Noodle Expert Aaron Smith tells us about the importance of relaxing in Nags Head, North Carolina, learning from Albert Einstein, and not giving up on what you care about.
Who would you pick, alive or dead, to be your teacher for a year? What would you want to learn?
If I could have someone teach me for a year, I would like for it to be Albert Einstein. His life is a story of ups and downs, and even in the midst of controversy, he continued to excel in his work. From his theory of relativity to his countless papers he was (and still is) a visionary. Einstein took it upon himself to combine many subjects and advance the world of science and mathematics. We still use many of his concepts today. We need more Albert Einsteins who are not afraid to be visionaries and risk-takers in order to benefit humanity and the world in which we live each and every day.
What is one small piece of advice that has had a big impact on your life?
Refuse to give up on what you care about the most. It is something that I identified with when I was playing baseball in high school and in college. This small but powerful statement often reminds me to stop and take notice, because not every outcome is the way we anticipate it. Even at work today, I still find myself saying this statement over and over again. Not quitting makes us stronger and more resilient for the next challenge to come along in our lives.
Where would you send a student who hasn't traveled before?
For a student who has never travelled before, I would recommend visiting Nags Head, NC. It is so refreshing to get out on the beach and relax with the wind and sun in your face. There she can spend countless hours in the ocean swimming, surfing, or even soaking up some Vitamin D while she is curled up with a good book. Other places that she could visit while staying at Nags Head include the lighthouses, a branch of the North Carolina Aquariums, Hatteras Island, and of course the shops. This is a phenomenal retreat for anyone who needs to recharge her batteries.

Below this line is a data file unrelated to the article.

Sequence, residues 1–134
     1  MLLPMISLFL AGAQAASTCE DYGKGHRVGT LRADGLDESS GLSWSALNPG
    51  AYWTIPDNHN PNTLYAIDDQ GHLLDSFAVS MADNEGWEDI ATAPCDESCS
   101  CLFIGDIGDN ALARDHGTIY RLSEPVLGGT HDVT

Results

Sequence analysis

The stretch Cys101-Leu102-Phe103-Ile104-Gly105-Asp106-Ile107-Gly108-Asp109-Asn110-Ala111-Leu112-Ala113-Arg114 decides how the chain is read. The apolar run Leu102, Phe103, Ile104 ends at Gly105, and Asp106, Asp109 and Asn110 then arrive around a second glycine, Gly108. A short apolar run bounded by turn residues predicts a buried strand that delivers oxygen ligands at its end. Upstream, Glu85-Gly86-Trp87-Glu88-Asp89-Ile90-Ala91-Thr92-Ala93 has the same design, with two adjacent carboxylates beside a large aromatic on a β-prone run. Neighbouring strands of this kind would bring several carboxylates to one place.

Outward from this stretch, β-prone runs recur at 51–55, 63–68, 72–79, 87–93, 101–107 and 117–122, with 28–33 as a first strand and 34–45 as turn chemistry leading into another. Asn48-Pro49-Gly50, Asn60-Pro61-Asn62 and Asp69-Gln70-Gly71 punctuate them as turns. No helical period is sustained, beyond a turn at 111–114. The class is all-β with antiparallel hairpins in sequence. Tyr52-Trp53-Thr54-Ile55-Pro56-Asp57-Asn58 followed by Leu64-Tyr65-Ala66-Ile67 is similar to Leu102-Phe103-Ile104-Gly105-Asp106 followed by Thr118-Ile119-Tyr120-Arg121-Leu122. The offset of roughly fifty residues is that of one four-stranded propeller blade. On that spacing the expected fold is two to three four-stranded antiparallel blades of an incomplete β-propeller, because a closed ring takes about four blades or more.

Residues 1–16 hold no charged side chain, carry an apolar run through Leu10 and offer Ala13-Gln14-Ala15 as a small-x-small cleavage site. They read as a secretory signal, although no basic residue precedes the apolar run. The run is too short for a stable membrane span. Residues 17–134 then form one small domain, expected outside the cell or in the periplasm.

When was a time that you failed academically, and what did you learn from the experience?
In order to be a teacher in Virginia, you are required to take tests called the Praxis I. Within the Praxis I, there are three sub-tests: the reading test, the writing test, and the math test. As a math major, the math section was rather easy to me and I passed that part the first time I took the test. However, the reading and writing continued to challenge me. In fact, they challenged me the next 11 times I tried until I passed them both. What I learned from this experience is that we all have weaknesses, and we shouldn't let our dreams be shattered by the challenges that come before us. If you want something badly enough, refuse to accept failure and continue to strive for your dreams. With some blood, sweat, and tears, dreams can come true.
Why did you go into your field, and how is it different from what you expected?
I went into education to be a math teacher and a baseball coach. That gave me the best of both worlds. With baseball and softball running through my veins, I was able to play through my students. And when I was off the field, I was able to show my classes how math worked and why we all needed to use math on a daily basis. As much as I enjoyed the sport, I found that my true passion was as a teacher and that I had a great responsibility to give my students my best each and every day. To this day, I still love working with students — helping them solve problems and fulfill their dreams so that they can be successful in any endeavor they choose in life.